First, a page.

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Semper Paratus: A Short History of the 132nd Infantry Regiment

Reseached and produced by the Pritzker Military Museum & Library, the history of what would be eventually become the 132nd Infantry Regiment is a study in heroism, self sacrifice, and duty willingly undertaken. 

This 33-page softcover book provides a brief but informative and detailed look at the history of Illinois' 132nd Infantry Regiment. The cover contains a segment of the James Dietz painting The Crossing: The 132nd Infantry Regiment on Guadalcanal, another PMML commissioned work commemorating the actions of the historic unit. 

From its beginnings as a band of hardened frontier settlers clutching their own arms to defend their small homesteads, to a highly trained elite battle force fighting to extend liberty across the globe, its original ideals of honor, duty, and defense of freedom have remained a constant over nearly three centuries.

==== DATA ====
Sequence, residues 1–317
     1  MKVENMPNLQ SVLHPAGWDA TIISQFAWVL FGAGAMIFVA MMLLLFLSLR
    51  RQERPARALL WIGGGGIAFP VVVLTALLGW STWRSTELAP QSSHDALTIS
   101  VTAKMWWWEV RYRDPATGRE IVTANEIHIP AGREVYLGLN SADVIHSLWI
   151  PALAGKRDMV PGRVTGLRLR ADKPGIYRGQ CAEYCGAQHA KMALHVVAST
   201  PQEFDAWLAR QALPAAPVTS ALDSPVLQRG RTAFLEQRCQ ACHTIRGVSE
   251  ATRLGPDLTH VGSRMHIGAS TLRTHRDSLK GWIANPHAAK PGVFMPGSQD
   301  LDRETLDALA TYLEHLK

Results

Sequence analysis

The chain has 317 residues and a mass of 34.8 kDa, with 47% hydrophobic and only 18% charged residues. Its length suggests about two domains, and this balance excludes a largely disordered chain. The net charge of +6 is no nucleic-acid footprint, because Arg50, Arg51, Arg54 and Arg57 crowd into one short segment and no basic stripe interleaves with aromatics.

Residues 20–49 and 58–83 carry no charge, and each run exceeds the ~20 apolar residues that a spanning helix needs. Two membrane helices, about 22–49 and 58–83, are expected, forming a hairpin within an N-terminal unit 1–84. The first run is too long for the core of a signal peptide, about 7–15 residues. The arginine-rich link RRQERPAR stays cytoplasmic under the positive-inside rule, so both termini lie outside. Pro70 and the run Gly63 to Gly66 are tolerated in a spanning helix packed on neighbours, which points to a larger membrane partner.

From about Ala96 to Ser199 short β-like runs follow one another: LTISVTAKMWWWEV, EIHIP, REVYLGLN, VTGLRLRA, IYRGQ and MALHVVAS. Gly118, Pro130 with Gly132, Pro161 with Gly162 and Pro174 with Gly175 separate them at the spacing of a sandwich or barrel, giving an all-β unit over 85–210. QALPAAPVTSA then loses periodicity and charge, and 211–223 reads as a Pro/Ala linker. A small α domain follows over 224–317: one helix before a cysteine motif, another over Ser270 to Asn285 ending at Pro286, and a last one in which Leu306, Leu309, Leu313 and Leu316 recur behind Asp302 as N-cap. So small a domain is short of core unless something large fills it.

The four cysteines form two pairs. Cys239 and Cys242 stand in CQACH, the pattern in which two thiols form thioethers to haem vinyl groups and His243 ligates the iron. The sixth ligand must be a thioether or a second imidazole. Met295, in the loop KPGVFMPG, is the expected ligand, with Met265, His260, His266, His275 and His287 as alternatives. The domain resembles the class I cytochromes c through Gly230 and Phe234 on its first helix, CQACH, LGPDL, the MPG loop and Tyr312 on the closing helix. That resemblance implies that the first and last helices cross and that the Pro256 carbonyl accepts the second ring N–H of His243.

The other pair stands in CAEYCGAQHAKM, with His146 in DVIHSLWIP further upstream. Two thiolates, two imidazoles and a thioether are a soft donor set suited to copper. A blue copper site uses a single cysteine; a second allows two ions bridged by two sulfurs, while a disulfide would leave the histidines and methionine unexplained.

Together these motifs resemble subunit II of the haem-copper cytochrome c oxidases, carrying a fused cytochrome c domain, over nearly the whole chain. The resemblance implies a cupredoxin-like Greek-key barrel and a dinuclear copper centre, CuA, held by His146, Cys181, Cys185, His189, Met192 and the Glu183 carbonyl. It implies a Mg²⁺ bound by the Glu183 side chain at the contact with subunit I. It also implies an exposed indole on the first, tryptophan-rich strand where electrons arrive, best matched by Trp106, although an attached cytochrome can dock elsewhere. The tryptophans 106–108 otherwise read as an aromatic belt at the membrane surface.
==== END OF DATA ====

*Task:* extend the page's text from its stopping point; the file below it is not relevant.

Since well before the formation of the United States, the people of Illinois have taken up arms to defend themselves, their country, and their liberty.

Illinois’s central location, as well as its access to the Great Lakes, gave it a strategic importance disproportionate to its population in the early days of the Republic. Throughout nearly the entire course of the 18th century and well into the 19th, across three wars, Illinois’s frontier settlers were called upon to protect shore access, shipping routes, and crucial points of river access from the French, hostile Native Americans, and the British.

Even after the Illinois territory was no longer directly threatened by external enemies, its citizens willingly joined their fellow Americans to fight in every conflict that has threatened the liberties of a free people.